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The teen in Ann M. Martin's new book doesn't baby-sit

"The Baby-Sitter's Club" author is releasing a new book for preteens - and it isn't what you might expect.

Ann M. Martin's real-life dog Sadie, who passed away last year, partially inspired the dog Rain in her new book. Credit: Dion Ogust Ann M. Martin's real-life dog Sadie, who passed away last year, partially inspired Rose's dog, Rain, in her new book.
Credit: Dion Ogust

If you were a preteen girl in the '80s or '90s, you know exactly who Ann M. Martin is. As the author and creator of "The Baby-Sitters Club" series, her name is on well over 131 books. Martin is now releasing a new book for preteens, "Rain Reign" (out Oct. 4) about a young girl with autism who is obsessed with homonyms. The book marks a darker turn for Martin, tackling weighty topics such as alcoholism and class conflict. We asked Martin about how her writing has changed over the years as well as her "other" book series.

Was writing from Rose's perspective, a character with autism, a greater challenge than writing from the perspective of a character who doesn't have autism?


Yes, but it was absolutely the way I wanted to tell the story. I had been waiting to write a character with autism for a long time. Actually, back in the '70s, I spent the summers between my semesters at college teaching at a school for autistic children. Obviously, a lot has changed since then. My friend teaches at a school for autistic children, so I was able to visit the school and observe the kids and teachers.

People tend to remember "The Baby-Sitters Club" as lighthearted, but you did touch upon serious topics in the series.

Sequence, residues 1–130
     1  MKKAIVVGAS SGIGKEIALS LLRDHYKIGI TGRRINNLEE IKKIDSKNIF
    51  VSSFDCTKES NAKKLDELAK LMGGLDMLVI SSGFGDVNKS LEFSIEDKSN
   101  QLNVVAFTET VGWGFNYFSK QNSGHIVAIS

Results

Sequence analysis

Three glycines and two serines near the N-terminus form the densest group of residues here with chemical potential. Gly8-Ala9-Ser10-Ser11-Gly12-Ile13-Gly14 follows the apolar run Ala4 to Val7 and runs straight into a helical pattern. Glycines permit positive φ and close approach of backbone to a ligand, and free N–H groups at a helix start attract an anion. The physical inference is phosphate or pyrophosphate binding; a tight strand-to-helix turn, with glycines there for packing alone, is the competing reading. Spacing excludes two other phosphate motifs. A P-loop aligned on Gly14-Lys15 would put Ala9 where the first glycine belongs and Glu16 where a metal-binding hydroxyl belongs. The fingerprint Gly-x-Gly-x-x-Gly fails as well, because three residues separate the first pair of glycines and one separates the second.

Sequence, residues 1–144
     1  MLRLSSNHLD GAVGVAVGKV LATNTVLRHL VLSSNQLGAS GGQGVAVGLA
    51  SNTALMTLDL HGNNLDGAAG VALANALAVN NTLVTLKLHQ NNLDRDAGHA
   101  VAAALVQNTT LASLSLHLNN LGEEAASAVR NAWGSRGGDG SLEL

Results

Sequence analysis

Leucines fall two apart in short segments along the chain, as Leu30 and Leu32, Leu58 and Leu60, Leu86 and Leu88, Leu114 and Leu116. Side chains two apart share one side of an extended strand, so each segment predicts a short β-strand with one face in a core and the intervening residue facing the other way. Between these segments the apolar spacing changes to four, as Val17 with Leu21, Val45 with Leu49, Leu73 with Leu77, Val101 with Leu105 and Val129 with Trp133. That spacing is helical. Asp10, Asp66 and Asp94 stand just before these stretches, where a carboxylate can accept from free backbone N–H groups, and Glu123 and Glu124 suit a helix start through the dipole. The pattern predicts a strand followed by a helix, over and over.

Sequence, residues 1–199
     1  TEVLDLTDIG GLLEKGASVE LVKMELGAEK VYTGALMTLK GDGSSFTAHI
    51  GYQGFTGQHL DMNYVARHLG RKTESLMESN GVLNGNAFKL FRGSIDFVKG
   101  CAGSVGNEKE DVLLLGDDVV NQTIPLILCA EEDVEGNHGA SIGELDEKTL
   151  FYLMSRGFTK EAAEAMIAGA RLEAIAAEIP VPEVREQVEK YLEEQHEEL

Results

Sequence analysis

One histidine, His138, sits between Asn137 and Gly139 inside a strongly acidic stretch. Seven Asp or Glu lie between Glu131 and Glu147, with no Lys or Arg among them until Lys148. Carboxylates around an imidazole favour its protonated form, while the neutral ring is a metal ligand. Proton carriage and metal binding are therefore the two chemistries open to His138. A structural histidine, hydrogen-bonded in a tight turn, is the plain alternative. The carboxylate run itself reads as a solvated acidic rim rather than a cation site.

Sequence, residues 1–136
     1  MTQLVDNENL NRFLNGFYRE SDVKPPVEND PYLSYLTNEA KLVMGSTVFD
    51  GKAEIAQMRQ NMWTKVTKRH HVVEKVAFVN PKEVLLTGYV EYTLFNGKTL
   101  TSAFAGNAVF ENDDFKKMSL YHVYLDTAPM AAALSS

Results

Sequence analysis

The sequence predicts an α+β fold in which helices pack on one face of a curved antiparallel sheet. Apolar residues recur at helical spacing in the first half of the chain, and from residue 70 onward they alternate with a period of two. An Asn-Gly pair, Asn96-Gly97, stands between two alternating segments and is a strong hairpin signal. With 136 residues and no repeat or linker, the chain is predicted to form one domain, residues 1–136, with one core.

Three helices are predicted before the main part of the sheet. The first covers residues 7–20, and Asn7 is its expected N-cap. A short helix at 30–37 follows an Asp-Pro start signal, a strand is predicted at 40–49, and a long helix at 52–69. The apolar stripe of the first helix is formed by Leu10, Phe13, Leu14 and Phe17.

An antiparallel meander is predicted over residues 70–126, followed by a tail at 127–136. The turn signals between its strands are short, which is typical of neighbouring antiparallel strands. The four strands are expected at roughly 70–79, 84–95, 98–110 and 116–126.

Absolutely. I used to get thousands of letters from kids and they would tell me things they would like to see in future books — and a lot of them were weightier topics. So in many cases, the serious topics were included because readers had asked for them.

If you were to start "The Baby-Sitters Club" series today, would you integrate social media and modern technology?

Yes, absolutely. I would put all of those things in there to make the girls seem more contemporary. We actually reissued the first eight books a few years ago and slightly updated them, but we decided incorporating social media and cellphones would involve way too much rewriting.

Have you had to change the way you write for preteens over the years?

I think more of what has changed about my writing has been personal growth. I write much slower, and I consider every single word more carefully than I did before.

You also just released the fourth book in your "The Doll People" series. What is the series about?

"The Doll People" is a series I co-write with my friend, Laura Godwin. It's about a modern plastic doll family and a Victorian china doll family who both live in the same household. It's very different for me. That's one of the fun things about collaborating: You try things as a writer you wouldn't normally attempt on your own.

Follow Emily on Twitter: @EmLaurence

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